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28 January 2014

Tackling emerging trends in terrorism focus of INTERPOL convention

SYDNEY, Australia – Identifying emerging trends in terrorism and transnational crime to develop a global coordinated response is the focus of the INTERPOL Global security and Counter-terrorism Convention.

More than 200 police chiefs, heads of counter-terrorism units and international experts from academic, governmental and private sector institutions from some 70 countries will address a range of issues including transnational fighters, kidnapping for ransom and the chemical, biological, radiological, nuclear and explosives terrorism threat.

The three-day (28 – 30 January) meeting in Sydney, Australia will also see participants updated on INTERPOL’s global tools and services available to support member countries, including its network of 200 counter-terrorism contact officers, Incident Response Teams and the Integrated Border Management Task Force.

“INTERPOL supports the global law enforcement community in dismantling criminal and terrorist networks through operational assistance, its global databases, criminal intelligence resources, as well as training and technical expertise,” said Nobuyuki Kawai, INTERPOL Vice President for Asia.

“Our biggest challenge is how to remain ahead of these transnational criminals in this increasingly globalized world, and we must continue to adapt, innovate, anticipate, and see what is beyond the conventional law-enforcement horizons,” added Mr Kawai.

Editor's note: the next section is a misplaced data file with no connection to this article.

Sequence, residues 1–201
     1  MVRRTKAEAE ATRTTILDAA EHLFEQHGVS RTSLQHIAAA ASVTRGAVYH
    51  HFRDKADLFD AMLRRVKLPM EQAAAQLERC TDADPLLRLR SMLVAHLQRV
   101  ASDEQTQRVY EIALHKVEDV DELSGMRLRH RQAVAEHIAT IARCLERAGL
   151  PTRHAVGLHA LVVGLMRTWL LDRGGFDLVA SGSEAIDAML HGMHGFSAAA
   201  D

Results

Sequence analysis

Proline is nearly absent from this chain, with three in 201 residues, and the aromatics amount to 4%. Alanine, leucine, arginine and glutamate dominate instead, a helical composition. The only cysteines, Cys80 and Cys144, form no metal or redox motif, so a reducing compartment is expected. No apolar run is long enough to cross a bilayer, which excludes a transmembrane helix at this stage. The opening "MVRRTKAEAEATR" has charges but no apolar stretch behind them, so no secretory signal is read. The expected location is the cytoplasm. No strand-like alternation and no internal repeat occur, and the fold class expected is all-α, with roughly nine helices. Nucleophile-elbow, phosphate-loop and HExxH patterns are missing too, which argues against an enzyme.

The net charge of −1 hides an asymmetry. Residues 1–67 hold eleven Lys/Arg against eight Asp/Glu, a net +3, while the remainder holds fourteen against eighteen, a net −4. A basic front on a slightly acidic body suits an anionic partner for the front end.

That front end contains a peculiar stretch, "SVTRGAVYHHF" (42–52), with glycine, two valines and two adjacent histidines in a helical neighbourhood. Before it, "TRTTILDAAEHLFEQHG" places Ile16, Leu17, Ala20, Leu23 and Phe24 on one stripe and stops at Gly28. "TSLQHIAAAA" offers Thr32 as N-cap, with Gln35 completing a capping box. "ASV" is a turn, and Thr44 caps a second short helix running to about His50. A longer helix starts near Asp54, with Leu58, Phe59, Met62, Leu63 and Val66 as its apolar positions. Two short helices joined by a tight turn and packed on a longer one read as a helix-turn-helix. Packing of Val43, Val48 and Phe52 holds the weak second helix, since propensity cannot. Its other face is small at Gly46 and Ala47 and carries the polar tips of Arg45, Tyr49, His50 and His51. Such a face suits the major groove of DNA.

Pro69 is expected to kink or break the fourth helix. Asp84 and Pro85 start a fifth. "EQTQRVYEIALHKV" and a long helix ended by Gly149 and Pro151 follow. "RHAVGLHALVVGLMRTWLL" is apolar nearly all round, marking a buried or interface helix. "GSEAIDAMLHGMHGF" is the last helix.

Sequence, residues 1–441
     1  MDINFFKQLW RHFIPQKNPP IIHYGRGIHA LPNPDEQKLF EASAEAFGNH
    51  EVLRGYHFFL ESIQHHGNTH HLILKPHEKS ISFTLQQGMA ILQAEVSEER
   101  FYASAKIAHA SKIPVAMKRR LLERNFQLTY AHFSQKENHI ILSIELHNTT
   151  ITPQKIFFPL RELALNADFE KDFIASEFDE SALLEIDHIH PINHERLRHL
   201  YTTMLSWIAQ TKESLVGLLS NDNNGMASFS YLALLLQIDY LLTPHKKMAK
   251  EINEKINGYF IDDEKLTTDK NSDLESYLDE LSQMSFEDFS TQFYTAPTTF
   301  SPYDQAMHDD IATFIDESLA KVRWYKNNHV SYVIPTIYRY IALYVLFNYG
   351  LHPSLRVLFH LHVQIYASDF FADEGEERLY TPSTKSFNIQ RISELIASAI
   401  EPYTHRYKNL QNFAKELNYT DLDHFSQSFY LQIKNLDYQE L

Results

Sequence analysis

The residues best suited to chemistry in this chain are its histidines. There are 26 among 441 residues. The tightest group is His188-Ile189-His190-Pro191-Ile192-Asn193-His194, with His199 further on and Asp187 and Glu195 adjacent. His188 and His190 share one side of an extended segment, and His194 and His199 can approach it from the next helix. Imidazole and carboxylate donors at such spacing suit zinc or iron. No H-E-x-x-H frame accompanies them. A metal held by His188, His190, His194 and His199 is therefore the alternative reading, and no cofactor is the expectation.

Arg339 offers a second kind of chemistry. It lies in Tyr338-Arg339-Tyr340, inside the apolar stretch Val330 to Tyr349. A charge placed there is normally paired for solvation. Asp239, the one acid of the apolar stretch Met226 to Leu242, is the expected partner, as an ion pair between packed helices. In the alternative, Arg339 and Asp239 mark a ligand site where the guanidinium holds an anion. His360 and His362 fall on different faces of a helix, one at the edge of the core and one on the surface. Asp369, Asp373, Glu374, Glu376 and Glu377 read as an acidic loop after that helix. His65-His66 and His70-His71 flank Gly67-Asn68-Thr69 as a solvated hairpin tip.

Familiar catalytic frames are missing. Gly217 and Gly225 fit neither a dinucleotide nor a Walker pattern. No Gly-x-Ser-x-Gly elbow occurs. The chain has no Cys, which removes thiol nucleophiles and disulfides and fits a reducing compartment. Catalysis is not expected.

Australian Federal Police (AFP) Commissioner Tony Negus said the convention provides an opportunity for the international law enforcement community to improve future cooperation and initiatives.

“The threat of international terrorism is real and continues to evolve and grow in complexity. During the coming days, the AFP and its partners will engage in in-depth analysis of evolving trends in transnational crime, including terrorism and identify strategies to shape the global response,” said Commissioner Negus.

“History and experience clearly show that information exchange is essential in combating all forms of crime, but this is still not the case when it comes to terrorism, and this needs to change,” warned Jean-Michel Louboutin, INTERPOL’s Executive Director of Police Services.

“INTERPOL is ideally and uniquely placed to support the global law enforcement community in these efforts.

“Countries need to ensure their frontline officers, especially at borders where criminals are at their most vulnerable have access to INTERPOL’s tools and databases which contain vital policing information and can be crucial in identifying fugitives and terrorists attempting to evade capture,” added Mr Louboutin, pointing to recent INTERPOL-coordinated operations and training to support countries in developing sustainable border security strategies against terrorism and transnational crime.

Under the ‘Hawk’ and ‘Dove’ operations involving law enforcement officials from police, immigration, customs and border security, more than 400,000 checks were carried out against INTERPOL’s databases for wanted persons, stolen and lost travel documents and stolen motor vehicles.

The Hawk operation in Southeast Asia also resulted in the seizure of more than 70 kg of sodium chlorate, a chemical precursor used in Improvised Explosive Devices.

In addition to coordinating operations in the field, INTERPOL has also facilitated a series of meetings to address issues including terrorist flows of money, travel routes used by terrorists and transnational fighters in conflict zones and produced a series of intelligence and analytical reports.

Supported by the Canadian Government and Australian Federal Police, the INTERPOL Global security and Counter-terrorism Convention will build on member countries’ expertise and experience to identify areas where additional support and coordination is required.

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